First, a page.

Oatmeal can be one of the healthiest and quickest breakfasts, a simple food packed full of whole grains and fiber. If consumed in its most basic form, it can also be one of the blandest, most unexciting options you’ll find. I often eat a plain bowl of quick oats cooked in water. My wife can’t stomach such a thing.
Brown sugar’s long been a constant and favored companion to oatmeal in many households, especially in an effort to coerce children to eat their oats and like them. But while a spoonful (or two or three…) of sugar makes the oatmeal (and medicine) go down, regular consumption of those sweet granules will also have a downward impact on your health. The issue’s not sugar because there’s sugar naturally in many foods, but the problem is the added sugar. So what’s a family to do?
Enter the Overnight Oats trend, a popular substitute for cooking hot oats due to its night-before preparation and its creative options. You can prepare a jar any time of day, store it in the fridge until you’re ready for breakfast, pull it out and dive right in. And it can still be a very healthy and nutritional meal to kick start your day.
Here’s how we like to do overnight oats and all the basics you need to know to do your own.
WHAT YOU NEED TO START: Mason-style jars, oats and a liquid for soaking
WHICH KIND OF OATS: From experience we prefer regular rolled or quick-cook oats. Either seems to work well when soaking all night. We don’t suggest steel-cut oats because they’re much heavier and chewier.
HOW YOU PREPARE THEM: Take a clean jar and add 1/2 cup of uncooked oats. (We actually discovered we like shorter, squatty jars better than the typical small Ball jars we’ve also tried because they’re easier to reach both with a spoon for eating and when it’s time to clean them.) Pour 3/4 cup to 1 cup of liquid over the oats for soaking. We usually use the 2 percent milk in our fridge, but you can also use almond or soy milk or another liquid of your choice. And you can adjust the amount of liquid to suit your preferences. We do not suggest water for soaking oats. And that’s all you need for completely basic overnight oats! The rest of the process varies from here.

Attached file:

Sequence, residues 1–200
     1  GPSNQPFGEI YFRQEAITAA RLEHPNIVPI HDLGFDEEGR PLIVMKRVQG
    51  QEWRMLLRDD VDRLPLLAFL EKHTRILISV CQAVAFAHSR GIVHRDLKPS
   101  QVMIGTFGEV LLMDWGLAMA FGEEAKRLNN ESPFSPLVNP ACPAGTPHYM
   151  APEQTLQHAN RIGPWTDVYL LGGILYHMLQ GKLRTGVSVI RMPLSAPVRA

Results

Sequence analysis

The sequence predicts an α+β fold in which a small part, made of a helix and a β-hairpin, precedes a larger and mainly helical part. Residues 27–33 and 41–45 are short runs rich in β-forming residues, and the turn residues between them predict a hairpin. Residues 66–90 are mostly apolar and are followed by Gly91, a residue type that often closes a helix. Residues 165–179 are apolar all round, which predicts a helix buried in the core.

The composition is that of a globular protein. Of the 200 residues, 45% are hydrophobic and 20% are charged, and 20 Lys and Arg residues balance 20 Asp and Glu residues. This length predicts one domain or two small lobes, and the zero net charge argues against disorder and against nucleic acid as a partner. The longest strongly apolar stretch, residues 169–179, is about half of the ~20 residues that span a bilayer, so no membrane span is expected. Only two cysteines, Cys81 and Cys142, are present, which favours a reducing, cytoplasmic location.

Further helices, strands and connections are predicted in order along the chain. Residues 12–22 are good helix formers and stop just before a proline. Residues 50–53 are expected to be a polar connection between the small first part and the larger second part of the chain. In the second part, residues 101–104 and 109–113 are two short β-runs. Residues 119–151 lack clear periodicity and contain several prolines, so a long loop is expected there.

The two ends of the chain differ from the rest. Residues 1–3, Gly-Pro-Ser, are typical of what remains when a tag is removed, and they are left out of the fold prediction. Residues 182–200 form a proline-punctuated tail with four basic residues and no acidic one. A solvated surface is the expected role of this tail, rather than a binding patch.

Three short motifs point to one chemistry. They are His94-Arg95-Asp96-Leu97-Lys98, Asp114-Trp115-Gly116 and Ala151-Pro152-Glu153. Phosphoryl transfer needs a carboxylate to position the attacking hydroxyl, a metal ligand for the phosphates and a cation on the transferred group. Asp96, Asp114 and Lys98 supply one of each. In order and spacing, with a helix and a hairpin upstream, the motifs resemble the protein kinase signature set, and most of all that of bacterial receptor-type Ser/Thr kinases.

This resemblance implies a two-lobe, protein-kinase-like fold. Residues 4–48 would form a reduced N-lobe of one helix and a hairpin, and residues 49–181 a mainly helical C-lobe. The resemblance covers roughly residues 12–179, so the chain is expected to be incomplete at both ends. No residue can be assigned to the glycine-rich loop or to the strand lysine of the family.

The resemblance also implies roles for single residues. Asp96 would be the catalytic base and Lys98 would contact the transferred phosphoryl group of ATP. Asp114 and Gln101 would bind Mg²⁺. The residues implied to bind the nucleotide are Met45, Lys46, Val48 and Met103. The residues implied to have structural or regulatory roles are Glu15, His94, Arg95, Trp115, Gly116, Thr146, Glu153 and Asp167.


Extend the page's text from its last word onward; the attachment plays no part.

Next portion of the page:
WHAT ELSE YOU CAN ADD: The possibilities are endless, and that’s what makes this compact meal so fantastic! A basic guideline: If you’d put it in your fresh and hot oatmeal, it goes well in overnight oats. Just layer your ingredients in the jar on top of the oats and liquid. In addition to various liquids you can add any kind of peeled and diced fresh fruit or berries, chopped nuts or seeds like flax or chia, yogurts, raisins or dried cranberries, or powders like protein or unsweetened cocoa or a spice like cinnamon or nutmeg. You’ll want to definitely include a sweetener of some kind, especially if you don’t soak the oats in a sweetish milk or cream. Many yogurts, other than plain, may provide all the sweetness you need. If you use cocoa powder, we suggest a hint of sugar, or your oats will likely be very bitter. Natural honey is also a great sweetener choice that we love in oats prepared any way!
WHEN THEY’RE READY TO EAT: Just tighten the lid on your jar and place it in your fridge overnight while you sleep. You can keep overnight oats in the fridge for about 5 days. They get softer and mushier the longer they sit, so you might not want to store them longer.
OUR SIMPLE GO-TO COMBO: In the picture above, I’ve included my most common Overnight Oats ingredients. I like to combine 1/2 cup oats, 3/4 cup milk, a sliced and diced banana, strawberry Greek yogurt and a palmful of raisins or nuts. Here’s the basic nutritional breakdown for that combination.
Strawberry Banana Overnight Oats
Fat: 5 g
Fiber: 5 g
Protein: 15 g
Sugar: 15 g
We do not recommend Overnight Oats if you’re attempting a low-carb or no-carb diet. This method simply won’t be likely to appropriately satisfy your requirements for that regimen.
Enjoy your Overnight Oats, and be sure to tell us which ingredients you like to use in yours!